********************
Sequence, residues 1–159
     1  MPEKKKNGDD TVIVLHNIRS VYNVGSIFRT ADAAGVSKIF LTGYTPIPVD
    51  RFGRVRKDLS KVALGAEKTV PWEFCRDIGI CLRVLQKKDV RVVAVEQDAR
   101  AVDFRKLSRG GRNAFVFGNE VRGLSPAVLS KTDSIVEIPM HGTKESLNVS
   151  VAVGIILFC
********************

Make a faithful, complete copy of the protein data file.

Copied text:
Sequence, residues 1–159
     1  MPEKKKNGDD TVIVLHNIRS VYNVGSIFRT ADAAGVSKIF LTGYTPIPVD
    51  RFGRVRKDLS KVALGAEKTV PWEFCRDIGI CLRVLQKKDV RVVAVEQDAR
   101  AVDFRKLSRG GRNAFVFGNE VRGLSPAVLS KTDSIVEIPM HGTKESLNVS
   151  VAVGIILFC